I saw a lot of media folks tweeting about this level of violence is not what the NFL wants people to see, and they’re right. But it is probably what a majority of fans want to see.
The violence is part of the appeal of football for fans and players -- hence Ben Roethlisberger just calling it, “AFC North football,” after the game.
That doesn’t mean anything goes, but there are hits that are illegal that probably no fan or player thinks should be (unless it happens against them and they can get free yardage).
The league has gotten rid of some unnecessarily dangerous head shots, and that’s good. But it has also basically waged a PR campaign against itself that could backfire.
Trying to redefine what’s appropriate is just as likely to turn some people away.
That includes both groups who think the game is too violent (even though it’s less so than it used to be) and those who think it’s not violent enough anymore (I don’t think they’re right either, although having to wonder if there is going to be a flag after every big hit takes away something).
Sacrificing some fandom to provide more safety for players — even when that means protecting them from themselves at times — is worth it in the grand scheme of things, but there is a limit there somewhere. I don’t know if we’ll reach it or not.
Meanwhile, the Bengals are left to play out the string.
Last night would have been more disappointing if it weren’t so predictable.
I wasn’t buying into them being playoff contenders — or to have the chance to win if they got there — so today doesn’t feel much different than yesterday where I’m sitting.
Published: Saturday, March 24, 2018 @ 7:18 PM
COLUMBUS — Trotwood-Madison’s bid for an elusive boys state basketball championship was undone by nemesis Akron St. Vincent-St. Mary 60-51 at Ohio State University’s Schottenstein Center on Saturday night.
It was the second straight Division II title for the Irish, who also defeated the Rams in last year’s D-II state semifinals. It was a record eighth state title for Akron SVSM, the program that LeBron James elevated during his celebrated run with the Irish. That snapped a tie with Middletown.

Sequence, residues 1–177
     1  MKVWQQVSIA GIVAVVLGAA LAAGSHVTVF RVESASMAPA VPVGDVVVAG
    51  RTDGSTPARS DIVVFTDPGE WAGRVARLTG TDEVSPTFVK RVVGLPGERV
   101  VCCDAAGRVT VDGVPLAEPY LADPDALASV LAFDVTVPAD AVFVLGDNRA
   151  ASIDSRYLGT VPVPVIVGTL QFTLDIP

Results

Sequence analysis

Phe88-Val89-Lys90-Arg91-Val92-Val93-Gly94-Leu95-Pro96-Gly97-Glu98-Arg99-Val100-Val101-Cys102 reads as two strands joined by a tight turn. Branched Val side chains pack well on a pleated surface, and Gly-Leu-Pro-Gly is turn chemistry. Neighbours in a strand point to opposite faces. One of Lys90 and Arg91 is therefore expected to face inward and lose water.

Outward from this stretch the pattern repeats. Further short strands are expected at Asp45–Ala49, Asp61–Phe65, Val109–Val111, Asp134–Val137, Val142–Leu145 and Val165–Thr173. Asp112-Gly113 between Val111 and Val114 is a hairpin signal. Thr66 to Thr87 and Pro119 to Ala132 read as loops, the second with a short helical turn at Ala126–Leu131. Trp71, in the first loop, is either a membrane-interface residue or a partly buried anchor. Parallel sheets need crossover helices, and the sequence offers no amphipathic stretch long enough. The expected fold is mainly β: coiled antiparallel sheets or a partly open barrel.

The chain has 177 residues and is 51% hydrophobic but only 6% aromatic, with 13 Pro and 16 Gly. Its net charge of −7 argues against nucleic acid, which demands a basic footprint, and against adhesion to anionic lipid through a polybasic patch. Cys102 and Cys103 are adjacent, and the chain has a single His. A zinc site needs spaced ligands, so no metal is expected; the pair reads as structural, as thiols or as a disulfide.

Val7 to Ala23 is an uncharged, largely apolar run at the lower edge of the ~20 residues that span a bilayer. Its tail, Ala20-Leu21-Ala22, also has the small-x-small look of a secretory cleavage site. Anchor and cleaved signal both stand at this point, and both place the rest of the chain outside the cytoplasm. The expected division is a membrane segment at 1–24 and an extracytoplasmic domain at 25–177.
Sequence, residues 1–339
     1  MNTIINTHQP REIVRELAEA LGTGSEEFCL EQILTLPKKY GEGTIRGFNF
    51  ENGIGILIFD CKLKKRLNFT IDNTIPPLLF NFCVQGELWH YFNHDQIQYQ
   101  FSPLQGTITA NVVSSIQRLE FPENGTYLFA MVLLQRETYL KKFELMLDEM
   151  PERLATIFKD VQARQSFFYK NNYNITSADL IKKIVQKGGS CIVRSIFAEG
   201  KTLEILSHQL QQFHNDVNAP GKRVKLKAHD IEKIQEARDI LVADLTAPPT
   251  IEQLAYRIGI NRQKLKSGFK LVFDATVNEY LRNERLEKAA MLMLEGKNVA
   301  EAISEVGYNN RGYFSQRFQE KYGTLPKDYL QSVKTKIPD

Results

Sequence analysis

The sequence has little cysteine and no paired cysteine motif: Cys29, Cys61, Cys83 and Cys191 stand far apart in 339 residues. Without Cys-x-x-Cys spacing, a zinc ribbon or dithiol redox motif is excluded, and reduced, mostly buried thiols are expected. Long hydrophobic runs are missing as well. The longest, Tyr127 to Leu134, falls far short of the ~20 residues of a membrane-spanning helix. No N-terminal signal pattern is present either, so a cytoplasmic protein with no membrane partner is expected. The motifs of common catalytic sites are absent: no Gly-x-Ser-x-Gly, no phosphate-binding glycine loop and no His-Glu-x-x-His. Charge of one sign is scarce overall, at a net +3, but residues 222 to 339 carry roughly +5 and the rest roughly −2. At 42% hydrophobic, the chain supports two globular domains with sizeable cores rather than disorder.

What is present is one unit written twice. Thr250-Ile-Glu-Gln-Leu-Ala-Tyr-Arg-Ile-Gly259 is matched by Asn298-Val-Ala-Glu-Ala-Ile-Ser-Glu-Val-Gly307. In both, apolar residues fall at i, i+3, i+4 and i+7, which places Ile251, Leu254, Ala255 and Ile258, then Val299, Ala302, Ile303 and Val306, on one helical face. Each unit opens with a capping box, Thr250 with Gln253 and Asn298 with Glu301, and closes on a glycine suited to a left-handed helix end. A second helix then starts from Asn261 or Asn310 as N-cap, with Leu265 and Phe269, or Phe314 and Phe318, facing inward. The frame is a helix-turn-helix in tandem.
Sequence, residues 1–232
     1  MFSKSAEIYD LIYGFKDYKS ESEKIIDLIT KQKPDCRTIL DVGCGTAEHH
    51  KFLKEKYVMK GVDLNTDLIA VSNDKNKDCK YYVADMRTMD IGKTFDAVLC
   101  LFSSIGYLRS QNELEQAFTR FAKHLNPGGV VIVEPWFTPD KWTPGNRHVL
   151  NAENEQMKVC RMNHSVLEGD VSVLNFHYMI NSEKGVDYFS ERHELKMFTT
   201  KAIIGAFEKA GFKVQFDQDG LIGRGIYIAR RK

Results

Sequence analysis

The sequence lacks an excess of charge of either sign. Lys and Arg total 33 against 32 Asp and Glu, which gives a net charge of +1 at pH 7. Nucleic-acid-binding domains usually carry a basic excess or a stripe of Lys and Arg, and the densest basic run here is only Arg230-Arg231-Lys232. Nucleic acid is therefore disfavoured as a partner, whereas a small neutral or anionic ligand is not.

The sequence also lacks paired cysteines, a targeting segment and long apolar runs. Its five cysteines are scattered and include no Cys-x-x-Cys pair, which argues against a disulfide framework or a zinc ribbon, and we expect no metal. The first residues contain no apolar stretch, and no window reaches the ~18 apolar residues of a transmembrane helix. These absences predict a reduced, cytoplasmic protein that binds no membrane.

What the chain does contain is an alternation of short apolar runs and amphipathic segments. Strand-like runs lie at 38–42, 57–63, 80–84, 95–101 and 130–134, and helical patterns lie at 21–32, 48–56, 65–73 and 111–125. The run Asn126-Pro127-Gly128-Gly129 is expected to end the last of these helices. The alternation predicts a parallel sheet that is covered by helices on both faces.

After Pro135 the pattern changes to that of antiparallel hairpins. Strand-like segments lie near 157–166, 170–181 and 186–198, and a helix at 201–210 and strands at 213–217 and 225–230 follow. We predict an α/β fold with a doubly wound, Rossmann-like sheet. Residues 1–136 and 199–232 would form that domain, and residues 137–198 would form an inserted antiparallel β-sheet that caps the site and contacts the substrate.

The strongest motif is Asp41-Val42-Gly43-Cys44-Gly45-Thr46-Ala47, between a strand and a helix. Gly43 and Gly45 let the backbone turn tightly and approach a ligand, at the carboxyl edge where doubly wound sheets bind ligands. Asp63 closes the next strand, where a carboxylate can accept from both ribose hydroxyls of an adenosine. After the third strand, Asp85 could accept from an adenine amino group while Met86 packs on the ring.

Trotwood (26-4) had a 19-game win streak snapped. Akron SVSM (21-8) also defeated Trotwood early in the regular season.
Published: Saturday, March 24, 2018 @ 7:05 PM
— Anthony Muñoz was a special player for the Cincinnati Bengals for 13 seasons.
In Columbus at the boys’ basketball state championships to be recognized as part of the OHSAA Circle of Champions, the California native explained the special place sports have in Ohio helped convince him to stick around long after his pro football career was over.
His daughter, Michelle, and son, Michael, also were recognized as part of the Circle of Champions along with former Ohio State basketball star Dennis Hopson, Ohio State football standout William White and Dwight “Bo” Lamar, who played in the ABA and NBA.
Michelle Muñoz was part of a state championship season for the Mason girls’ basketball team while Michael was a highly-regarded offensive line prospect at Moeller High School.
Published: Saturday, March 24, 2018 @ 3:42 PM
Updated: Saturday, March 24, 2018 @ 4:07 PM
COLUMBUS — His knees knocking, Tyler Mescher of Marion Local heeded a little help from teammate Tyler Prenger.
“He said calm down, you got this and relax,” recalled Mescher. “Easy shots.”
Not quite. Mescher’s pair of rim-rattling free throws with 2.6 seconds left in the second overtime was the difference as Marion Local stunned Willoughby Cornerstone Christian 52-51 to win a boys high school Division IV state basketball championship on Saturday afternoon.
»RELATED: Marion Local after basketball title, too
»RELATED: Bruns’ late heroics lifts Marion Local
It was one of four season-ending divisional championships that were held at Ohio State University’s Schottenstein Center.